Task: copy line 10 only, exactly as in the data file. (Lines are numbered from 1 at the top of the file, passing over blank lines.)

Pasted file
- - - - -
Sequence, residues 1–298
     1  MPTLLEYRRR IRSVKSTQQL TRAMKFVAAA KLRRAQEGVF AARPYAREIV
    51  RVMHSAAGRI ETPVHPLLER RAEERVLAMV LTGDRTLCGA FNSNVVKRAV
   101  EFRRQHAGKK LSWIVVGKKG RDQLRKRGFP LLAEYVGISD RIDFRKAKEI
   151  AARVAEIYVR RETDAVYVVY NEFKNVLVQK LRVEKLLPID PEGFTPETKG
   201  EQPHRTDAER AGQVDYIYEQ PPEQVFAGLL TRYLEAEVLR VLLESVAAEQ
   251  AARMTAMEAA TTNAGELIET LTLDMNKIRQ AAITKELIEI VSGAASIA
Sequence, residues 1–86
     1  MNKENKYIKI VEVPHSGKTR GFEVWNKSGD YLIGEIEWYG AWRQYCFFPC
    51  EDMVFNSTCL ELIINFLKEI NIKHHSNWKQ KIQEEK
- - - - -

    51  EDMVFNSTCL ELIINFLKEI NIKHHSNWKQ KIQEEK